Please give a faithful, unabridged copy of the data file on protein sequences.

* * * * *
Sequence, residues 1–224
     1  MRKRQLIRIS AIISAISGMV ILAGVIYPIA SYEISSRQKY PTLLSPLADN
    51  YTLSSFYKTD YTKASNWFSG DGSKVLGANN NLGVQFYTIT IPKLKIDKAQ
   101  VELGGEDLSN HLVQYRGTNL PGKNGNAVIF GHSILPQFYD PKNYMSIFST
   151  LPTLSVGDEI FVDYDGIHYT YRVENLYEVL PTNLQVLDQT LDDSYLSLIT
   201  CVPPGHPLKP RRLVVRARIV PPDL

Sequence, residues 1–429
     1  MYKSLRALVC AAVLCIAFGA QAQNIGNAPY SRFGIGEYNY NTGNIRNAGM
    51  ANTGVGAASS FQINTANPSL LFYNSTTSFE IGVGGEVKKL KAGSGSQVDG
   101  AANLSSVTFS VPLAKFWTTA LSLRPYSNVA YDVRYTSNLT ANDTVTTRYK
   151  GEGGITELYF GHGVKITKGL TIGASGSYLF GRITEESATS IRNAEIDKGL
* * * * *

Sequence, residues 1–224
     1  MRKRQLIRIS AIISAISGMV ILAGVIYPIA SYEISSRQKY PTLLSPLADN
    51  YTLSSFYKTD YTKASNWFSG DGSKVLGANN NLGVQFYTIT IPKLKIDKAQ
   101  VELGGEDLSN HLVQYRGTNL PGKNGNAVIF GHSILPQFYD PKNYMSIFST
   151  LPTLSVGDEI FVDYDGIHYT YRVENLYEVL PTNLQVLDQT LDDSYLSLIT
   201  CVPPGHPLKP RRLVVRARIV PPDL

Sequence, residues 1–429
     1  MYKSLRALVC AAVLCIAFGA QAQNIGNAPY SRFGIGEYNY NTGNIRNAGM
    51  ANTGVGAASS FQINTANPSL LFYNSTTSFE IGVGGEVKKL KAGSGSQVDG
   101  AANLSSVTFS VPLAKFWTTA LSLRPYSNVA YDVRYTSNLT ANDTVTTRYK
   151  GEGGITELYF GHGVKITKGL TIGASGSYLF GRITEESATS IRNAEIDKGL